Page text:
The link replaced the ferry service that had been the primary means of crossing the Great Belt. After more than five decades of speculation and debate, the decision to construct the link was made in 1986; the original intent was to complete the railway link three years before opening the road connection, but the link opened to rail traffic in 1997 and road traffic in 1998. At an estimated cost of DKK 21.4 billion (1988 prices), the link is the largest construction project in Danish history.

Operation and maintenance are performed by A/S Storebælt under Sund & Bælt. Construction and maintenance are financed by tollson vehicles and trains.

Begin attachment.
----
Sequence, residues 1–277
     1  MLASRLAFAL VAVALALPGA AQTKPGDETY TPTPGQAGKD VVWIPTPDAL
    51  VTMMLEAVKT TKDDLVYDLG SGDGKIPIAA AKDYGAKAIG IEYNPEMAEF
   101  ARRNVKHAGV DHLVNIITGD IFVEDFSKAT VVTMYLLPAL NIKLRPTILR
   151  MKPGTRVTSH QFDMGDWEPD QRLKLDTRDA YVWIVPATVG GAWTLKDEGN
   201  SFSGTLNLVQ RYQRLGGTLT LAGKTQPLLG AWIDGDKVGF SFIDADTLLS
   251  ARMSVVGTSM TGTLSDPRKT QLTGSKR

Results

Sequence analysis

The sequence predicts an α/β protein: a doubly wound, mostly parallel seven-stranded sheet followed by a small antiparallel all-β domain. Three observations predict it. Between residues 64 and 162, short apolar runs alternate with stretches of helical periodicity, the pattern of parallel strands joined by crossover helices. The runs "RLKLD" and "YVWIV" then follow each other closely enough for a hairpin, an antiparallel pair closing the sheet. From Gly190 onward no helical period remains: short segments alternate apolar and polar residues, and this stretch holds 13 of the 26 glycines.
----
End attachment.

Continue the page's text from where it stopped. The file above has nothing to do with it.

The link has reduced travel times significantly; previously taking about an hour by ferry, the Great Belt can now be crossed in about ten minutes. The construction of the link and the Øresund Bridge have together enabled driving from mainland Europe to Sweden and the rest of Scandinavia through Denmark, providing an alternative to the significantly longer land route through Finland. Cyclists are not permitted to use the bridge, but cycles may be transported by train or bus.

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by-sa: CREATIVE COMMONS Attribution-ShareAlike

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Input taken over from:

Great Belt Fixed Link. (2013, April 1). In Wikipedia, The Free Encyclopedia. Retrieved 05:24, April 8, 2013, from

taken over / edited on

08 Apr 2013

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76 km
0,0 km
6 m


DK-4591 Føllenslev




167 km
0,0 km
22 m


DK-3250 Ll. Bregnerød




187 km
0,5 km
6 m


DK-3000 Helsingør




189 km
0,5 km
4 m

Kronborg slot
DK-3000 Helsingør


Castle/palace/World heritage site

Kronborg castle in Elsinore
Holger Danske